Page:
“Melbourne has once again dominated this year’s (2019) HIA Hotspots Report, with 12 of Australia’s Top 20 building growth areas all located around Victoria’s capital,” said HIA’s Chief Economist, Tim Reardon.
HIA reveals Australia’s strongest markets for home building in the 2019 edition of the HIA Population & Residential Building Hotspots Report. The Report is aimed at finding employment growth areas targeted towards builders and tradies and identifies Hotspots in all states and territories.
“The majority of the growth is in the fringe of Melbourne as the city expands, although inner city suburbs such as Southbank and Docklands are also enjoying strong growth as they change to accommodate higher density living,” added Mr Reardon.
“This is not surprising given the significant investment in infrastructure and the region’s growing professional services sector.”
“According to the HIA Population & Residential Building Hotspots Report 2019, the Rockbank – Mount Cottrell area, located west of Melbourne near Melton, is Australia’s number one Hotspot, with population growth of 59.4 per cent during 2017/18 and $224.2 million in building approvals.
“Major infrastructure projects including upgrades to the train station and train lines as well as a new six- lane arterial road connecting the area are expected to maintain the momentum to keep the area as a hotspot next year (2020).
“Last year’s (2018) number one Hotspot, Mickleham – Yuroke (north of Melbourne’s Tullamarine airport), has slipped to second place and Pimpama in QLD’s Gold Coast dropped into third place.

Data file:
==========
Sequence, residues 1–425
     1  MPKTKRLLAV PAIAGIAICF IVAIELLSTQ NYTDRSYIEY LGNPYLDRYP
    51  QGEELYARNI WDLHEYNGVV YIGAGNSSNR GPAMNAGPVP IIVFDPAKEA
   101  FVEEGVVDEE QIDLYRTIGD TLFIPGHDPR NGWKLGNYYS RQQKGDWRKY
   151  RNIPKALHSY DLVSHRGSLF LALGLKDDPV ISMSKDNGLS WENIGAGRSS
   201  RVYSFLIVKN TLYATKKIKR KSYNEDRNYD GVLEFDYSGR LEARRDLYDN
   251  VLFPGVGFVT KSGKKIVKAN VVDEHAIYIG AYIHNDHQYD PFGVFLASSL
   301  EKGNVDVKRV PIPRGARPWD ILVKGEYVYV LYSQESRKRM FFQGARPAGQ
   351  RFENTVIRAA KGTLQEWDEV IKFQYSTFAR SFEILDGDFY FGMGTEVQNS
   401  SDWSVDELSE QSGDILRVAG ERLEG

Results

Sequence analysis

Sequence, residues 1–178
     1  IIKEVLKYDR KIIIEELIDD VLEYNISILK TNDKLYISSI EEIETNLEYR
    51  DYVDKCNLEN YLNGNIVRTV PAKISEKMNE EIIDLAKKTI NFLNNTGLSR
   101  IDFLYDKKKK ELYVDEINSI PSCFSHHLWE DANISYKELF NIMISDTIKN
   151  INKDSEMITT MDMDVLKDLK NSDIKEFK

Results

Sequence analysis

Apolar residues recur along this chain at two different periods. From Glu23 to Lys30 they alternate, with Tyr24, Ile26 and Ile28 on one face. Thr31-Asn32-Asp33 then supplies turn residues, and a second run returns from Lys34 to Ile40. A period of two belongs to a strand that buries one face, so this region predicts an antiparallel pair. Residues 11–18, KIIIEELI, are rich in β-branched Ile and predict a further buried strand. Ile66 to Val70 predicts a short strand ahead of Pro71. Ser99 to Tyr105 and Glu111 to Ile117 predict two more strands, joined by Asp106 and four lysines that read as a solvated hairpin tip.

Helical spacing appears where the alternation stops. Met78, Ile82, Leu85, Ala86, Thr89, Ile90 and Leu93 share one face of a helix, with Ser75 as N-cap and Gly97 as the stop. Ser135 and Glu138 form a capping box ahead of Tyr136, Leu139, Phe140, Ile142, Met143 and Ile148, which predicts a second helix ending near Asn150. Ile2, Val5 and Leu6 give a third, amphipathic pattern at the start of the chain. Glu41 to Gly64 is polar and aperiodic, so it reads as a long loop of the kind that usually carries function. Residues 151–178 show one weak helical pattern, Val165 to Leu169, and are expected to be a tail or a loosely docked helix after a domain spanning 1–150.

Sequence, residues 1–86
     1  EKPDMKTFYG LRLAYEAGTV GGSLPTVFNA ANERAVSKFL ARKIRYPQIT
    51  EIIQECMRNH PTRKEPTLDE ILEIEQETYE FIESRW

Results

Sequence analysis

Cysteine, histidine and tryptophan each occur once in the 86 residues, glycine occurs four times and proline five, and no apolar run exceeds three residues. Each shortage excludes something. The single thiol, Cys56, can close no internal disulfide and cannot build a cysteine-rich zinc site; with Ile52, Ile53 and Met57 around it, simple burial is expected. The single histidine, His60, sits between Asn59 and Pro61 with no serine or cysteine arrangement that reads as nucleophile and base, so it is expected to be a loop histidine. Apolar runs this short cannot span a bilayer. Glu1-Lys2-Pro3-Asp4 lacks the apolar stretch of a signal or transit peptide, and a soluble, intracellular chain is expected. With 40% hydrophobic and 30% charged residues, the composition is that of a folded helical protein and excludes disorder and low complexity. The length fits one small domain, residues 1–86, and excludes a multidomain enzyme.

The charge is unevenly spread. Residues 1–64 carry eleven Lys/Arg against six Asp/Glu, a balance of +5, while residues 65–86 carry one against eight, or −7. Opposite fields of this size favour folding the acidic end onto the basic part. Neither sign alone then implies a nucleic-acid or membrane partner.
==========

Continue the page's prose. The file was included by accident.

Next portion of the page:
“The remainder of the top 20 Hotspots are located in Queensland and NSW, predominantly in areas surrounding the capital cities, Sydney and Brisbane.
“Because the residential building industry is cooling, the number of future hotspots is likely to be more centralised to major capital cities such as Melbourne and Sydney,” concluded Mr Reardon
The HIA Population & Residential Hotspots 2018 report provides a ranking of Australia’s top 20 Hotspots – as well as individual rankings for each of the states and territories. Of the national Top 20:
- 12 of the Top 20 Hotspots are located in Victoria;
- 5 of the country’s top Hotspots are in Queensland;
- NSW contains 3 of the national Top 20.
Nationally, an area qualifies as a Hotspot if at least $150 million worth of residential building work was approved during the 2017/18 financial year, and its rate of population growth is faster than the 1.6 per cent national average.